EIFS is like any other building material in the sense that it is well-suited for some uses and not for others. This column is a compilation of my thoughts about where EIFS works well and where it does not, including some unusual specialty uses.
Local Aesthetic OrdinancesIn some towns, local laws only permit the use of certain materials for exterior claddings. This is especially true in historic districts. Local laws may require that a certain percentage of the cladding on the street side be a material like brick. In some cases, materials like EIFS and stucco are not allowed. The local building department, contractors, developers and architects can advise if such laws are in effect and how you might go about getting a variance (if that’s a possibility).
Dirty EnvironmentsPlaces where there is a lot of soot, smoke or exhaust fumes can pose a problem with EIFS. The dirt can get embedded in the EIFS finish and very difficult to remove. Examples of this type of situation include bus stops and areas with a lot of vehicle traffic. One way to reduce this problem is to coat the EIFS finish with a sealer to make it shed the dirt more easily. In cases where the dirt is already there, the EIFS finish can be painted but will also need to be carefully cleaned first. The use of hard cleaners can ruin the EIFS finish. There are specialty cleaners commercially available for use with EIFS and some of them are advertised in this magazine.
ICFsEIFS can be used as the finish for insulated concrete forms. Whether or not a specific EIFS coating system can be used on a given ICF (there are a number of designs) depends on whether they work together. Some EIFS producers endorse the use of only certain products with ICFs; check with them for details. There are several aspects of ICFs that are different than normal EIFS.
ICF foam may be of a density of grade that is incompatible with EIFS. The forms need to fit tightly together-without gaps-to avoid cracking of the EIFS coating.
The forms need to stand out in the weather for weeks while the concrete cures. This will degrade the surface of the EPS form. The form will need to be sanded so the EIFS coatings will adhere. The whole wall will need to be sanded.
Adding Extra StoriesThe exceptionally light weight of EIFS can make a difference when adding extra floors above the existing roof. This can help get around the problem of having to reinforce the existing building structural systems. This can save a lot of time and money, and get around the problem of disruption of on-going use of the building.
Blow-Off PanelsAn unusual application that EIFS is well-suited for is in walls that are designed to release from the building frame at a predetermined force. Usually, these are metal stud panels with EIFS cladding. Examples of this include buildings used for industrial processes that may explode and those where the base is subject to flooding. The latter allows the walls to come loose, thereby letting the water surge under the building. The building I am sitting in now is on a beach where hurricanes have landed. The building is on stilts and a parking garage on the ground floor. It has these types of panels.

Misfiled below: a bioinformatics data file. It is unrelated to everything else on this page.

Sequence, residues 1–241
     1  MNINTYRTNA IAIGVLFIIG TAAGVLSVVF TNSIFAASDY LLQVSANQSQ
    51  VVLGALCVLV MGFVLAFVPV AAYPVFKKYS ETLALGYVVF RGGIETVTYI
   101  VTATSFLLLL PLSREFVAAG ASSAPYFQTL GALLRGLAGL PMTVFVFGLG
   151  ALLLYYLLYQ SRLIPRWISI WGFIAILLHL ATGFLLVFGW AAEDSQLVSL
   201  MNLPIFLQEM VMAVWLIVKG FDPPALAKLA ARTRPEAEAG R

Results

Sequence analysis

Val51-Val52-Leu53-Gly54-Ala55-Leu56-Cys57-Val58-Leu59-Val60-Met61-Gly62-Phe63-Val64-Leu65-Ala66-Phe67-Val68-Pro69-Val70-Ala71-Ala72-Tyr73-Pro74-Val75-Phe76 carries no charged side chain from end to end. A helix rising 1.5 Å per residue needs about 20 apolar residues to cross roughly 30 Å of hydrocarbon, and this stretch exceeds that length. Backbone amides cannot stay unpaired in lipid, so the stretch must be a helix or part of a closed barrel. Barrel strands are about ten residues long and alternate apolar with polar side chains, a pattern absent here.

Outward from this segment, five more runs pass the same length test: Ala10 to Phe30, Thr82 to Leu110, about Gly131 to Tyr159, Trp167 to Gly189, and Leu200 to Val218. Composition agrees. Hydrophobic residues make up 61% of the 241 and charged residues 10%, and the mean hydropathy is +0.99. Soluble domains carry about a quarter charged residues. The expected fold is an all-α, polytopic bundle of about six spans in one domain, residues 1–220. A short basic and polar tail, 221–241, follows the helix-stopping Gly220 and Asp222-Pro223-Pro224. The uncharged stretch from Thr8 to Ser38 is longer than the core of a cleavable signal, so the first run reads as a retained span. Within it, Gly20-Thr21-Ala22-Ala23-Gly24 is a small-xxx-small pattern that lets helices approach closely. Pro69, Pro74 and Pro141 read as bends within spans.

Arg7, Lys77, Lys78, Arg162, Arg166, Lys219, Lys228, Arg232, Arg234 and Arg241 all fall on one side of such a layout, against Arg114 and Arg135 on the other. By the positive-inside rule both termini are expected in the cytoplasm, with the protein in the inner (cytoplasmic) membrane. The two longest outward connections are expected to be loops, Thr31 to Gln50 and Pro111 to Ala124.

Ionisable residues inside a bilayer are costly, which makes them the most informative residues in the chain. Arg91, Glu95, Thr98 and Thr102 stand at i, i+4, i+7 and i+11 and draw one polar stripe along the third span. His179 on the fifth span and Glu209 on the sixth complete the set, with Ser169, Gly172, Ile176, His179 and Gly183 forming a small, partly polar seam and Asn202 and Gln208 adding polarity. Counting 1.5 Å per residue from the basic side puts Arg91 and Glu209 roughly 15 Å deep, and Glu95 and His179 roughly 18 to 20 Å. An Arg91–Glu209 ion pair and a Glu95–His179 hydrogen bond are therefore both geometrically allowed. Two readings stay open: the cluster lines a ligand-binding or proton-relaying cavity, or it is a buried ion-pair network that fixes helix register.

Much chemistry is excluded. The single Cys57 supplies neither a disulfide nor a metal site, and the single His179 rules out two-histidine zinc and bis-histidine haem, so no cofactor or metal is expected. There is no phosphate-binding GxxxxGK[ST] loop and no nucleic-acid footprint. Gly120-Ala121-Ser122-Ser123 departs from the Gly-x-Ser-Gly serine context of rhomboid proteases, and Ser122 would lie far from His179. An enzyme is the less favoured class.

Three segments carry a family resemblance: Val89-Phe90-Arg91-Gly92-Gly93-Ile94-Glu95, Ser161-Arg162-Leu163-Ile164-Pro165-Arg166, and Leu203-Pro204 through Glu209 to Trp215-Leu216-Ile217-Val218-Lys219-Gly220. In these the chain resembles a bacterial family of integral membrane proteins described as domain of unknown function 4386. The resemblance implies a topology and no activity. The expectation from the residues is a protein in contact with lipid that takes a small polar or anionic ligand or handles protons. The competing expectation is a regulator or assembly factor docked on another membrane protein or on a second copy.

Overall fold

EarthquakesThe light weight and flexibility of EIFS can be an advantage in areas where buildings might rock and roll. The “give” of an EIFS structure allows it to not crack and fall off. The light weight of EIFS-especially on upper stories-helps limit the amount of weight that is being thrown around by the movement of the building.
SecurityIf physical security of a wall is important, such as in the construction of a bank building, EIFS is not the answer. The light weight nature of the EIFS coatings provides virtually no resistance to penetration-you can ram a screwdriver through it. The penetration resistance must come from a robust substrate such as concrete or block.
One example of this came in an odd request I once was asked about using a metal stud and gypsum board wall with EIFS as the cladding for the exterior walls of a prison.
Agressive EnvironmentsIf the air around an EIFS-clad building is full of chemicals, EIFS is not a good solution. The styrene foam core of EIFS is not highly resistant to attack by solvents. Thus, the use of EIFS around refineries and chemical plants is a bad idea.
People sometimes ask me if EIFS will work in extreme cold or hot climates. The answer is that this has been done lots of times. The key is to design the EIFS properly. Probably the most aggressive common environment is humid, hot, salty seaside areas. Even then, EIFS can hold up well. The key is to do routine maintenance, including surveying the face to look for leaks and cracks.